Trademark Class – Which One to Pick?

Once you’ve picked a name to trademark the second step is describing the goods and services for the trademark. This can be a difficult process for someone inexperienced with trademarks. However, here are some quick tips to remember (and a really good resource!).

First, trademarks are registered for particular things. To take an example, Apple is registered for “computers” (amongst other things) and “iPhone” is registered for “mobile telephones.” What you register your trademark for will limit your legal rights. For example, the same trademark can be registered by different people provided it’s for different goods and services. Trademarks being focused on preventing confusion in the market, it’s unlikely that a company making, say, “t-shirts” would be confused with a company providing “legal services”. Obviously there is lots of room for interpretation here!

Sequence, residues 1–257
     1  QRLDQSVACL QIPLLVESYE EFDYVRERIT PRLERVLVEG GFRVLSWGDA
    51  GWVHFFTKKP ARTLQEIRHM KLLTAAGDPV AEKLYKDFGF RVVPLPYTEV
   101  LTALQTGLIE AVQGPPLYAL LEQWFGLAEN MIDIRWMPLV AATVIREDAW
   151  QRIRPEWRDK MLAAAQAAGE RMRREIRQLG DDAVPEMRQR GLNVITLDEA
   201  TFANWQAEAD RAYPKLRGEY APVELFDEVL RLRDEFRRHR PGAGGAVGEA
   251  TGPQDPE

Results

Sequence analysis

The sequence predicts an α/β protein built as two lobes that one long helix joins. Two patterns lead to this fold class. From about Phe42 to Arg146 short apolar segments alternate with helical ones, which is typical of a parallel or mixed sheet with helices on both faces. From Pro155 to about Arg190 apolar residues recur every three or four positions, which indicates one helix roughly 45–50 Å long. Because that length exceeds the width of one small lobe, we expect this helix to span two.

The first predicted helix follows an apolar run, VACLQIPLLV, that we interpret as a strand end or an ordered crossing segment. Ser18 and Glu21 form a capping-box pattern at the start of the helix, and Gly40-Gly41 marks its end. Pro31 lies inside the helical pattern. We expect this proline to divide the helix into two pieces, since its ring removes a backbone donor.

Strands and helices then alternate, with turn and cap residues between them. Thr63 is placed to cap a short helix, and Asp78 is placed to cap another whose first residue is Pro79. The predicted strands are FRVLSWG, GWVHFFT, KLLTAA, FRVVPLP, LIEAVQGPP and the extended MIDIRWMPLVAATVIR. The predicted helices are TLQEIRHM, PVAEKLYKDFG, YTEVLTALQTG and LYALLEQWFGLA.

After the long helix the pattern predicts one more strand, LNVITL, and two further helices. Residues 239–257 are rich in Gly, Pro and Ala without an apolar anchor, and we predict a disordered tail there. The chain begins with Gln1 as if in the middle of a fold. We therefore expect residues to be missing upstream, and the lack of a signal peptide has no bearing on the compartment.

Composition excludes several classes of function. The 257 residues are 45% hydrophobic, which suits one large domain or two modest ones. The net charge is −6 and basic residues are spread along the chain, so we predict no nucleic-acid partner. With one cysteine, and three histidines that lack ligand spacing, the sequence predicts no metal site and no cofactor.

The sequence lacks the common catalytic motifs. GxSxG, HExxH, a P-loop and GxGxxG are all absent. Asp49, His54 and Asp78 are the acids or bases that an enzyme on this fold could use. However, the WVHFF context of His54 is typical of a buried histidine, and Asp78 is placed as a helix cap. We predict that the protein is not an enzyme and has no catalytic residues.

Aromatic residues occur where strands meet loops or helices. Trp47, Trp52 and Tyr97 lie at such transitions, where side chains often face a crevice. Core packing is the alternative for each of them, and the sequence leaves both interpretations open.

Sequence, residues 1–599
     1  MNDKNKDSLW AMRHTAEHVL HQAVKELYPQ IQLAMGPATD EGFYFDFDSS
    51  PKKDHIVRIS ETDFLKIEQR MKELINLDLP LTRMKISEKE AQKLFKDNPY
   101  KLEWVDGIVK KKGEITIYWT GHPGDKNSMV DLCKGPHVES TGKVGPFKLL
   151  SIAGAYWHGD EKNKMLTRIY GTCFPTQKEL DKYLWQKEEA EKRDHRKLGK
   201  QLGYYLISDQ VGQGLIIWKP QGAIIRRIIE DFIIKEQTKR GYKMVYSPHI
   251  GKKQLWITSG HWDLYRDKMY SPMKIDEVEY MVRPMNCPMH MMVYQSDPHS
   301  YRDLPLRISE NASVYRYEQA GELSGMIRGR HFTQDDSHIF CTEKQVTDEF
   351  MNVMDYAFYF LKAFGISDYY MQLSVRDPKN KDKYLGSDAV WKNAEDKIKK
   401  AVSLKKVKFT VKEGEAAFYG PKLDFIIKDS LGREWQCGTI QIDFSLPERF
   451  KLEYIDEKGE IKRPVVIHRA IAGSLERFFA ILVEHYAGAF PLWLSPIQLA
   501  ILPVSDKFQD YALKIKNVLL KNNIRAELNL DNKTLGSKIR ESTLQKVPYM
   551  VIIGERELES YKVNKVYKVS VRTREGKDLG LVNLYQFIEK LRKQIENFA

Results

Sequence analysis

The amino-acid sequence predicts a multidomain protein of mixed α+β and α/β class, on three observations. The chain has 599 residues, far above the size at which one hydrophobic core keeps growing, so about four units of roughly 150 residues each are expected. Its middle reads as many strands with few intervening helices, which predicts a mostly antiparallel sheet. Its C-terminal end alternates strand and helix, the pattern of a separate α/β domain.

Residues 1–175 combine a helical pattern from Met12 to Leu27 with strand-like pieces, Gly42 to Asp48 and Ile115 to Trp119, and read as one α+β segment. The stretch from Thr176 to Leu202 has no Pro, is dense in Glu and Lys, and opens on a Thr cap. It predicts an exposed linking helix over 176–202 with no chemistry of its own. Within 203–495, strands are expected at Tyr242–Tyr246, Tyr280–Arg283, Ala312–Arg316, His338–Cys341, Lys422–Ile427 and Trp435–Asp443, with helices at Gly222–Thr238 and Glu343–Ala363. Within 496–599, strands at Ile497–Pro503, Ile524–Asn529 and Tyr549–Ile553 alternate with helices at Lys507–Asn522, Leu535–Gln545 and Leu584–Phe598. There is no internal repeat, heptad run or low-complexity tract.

Second, all goods and services are divided into 45 different classes. Most countries in the world use the same forty five classes. The first thirty four classes relate to goods while the remainder relate to services.

Third, each class relates to a group of things, not just one particular thing. For example, class twenty five relates to clothing, footwear and headgear. Some class groupings are not as logical – for example alcoholic beverages are in class thirty three, while beer is in thirty two. Obviously there are some political and social reasons behind some of the groupings. Also, having the groupings means that it’s easy to search for similar marks – a very simplified search strategy might look for all similar marks in classes that have similar goods and services to your own.

Fourth – and this is one of the most common mistakes – if you operate a retail store selling third party goods, you’re in class thirty five. Some people make the mistake of trying to register the trademark in each of the classes of the goods they sell, when in fact they are selling goods from someone else and their trademark is being used for retail sale.

Finally, the descriptions of good and services should cover your use and intended use of the trademark – no more or less. The descriptions should be plain language and easy to understand, without any jargon.